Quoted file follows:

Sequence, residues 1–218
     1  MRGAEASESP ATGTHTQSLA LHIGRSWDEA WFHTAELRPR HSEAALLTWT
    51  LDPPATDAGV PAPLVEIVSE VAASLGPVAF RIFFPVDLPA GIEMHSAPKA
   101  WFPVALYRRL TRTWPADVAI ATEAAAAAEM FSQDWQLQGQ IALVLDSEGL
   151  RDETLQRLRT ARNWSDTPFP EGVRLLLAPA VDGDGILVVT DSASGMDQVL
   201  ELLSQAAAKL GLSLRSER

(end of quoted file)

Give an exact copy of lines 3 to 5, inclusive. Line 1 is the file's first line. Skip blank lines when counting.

    51  LDPPATDAGV PAPLVEIVSE VAASLGPVAF RIFFPVDLPA GIEMHSAPKA
   101  WFPVALYRRL TRTWPADVAI ATEAAAAAEM FSQDWQLQGQ IALVLDSEGL
   151  RDETLQRLRT ARNWSDTPFP EGVRLLLAPA VDGDGILVVT DSASGMDQVL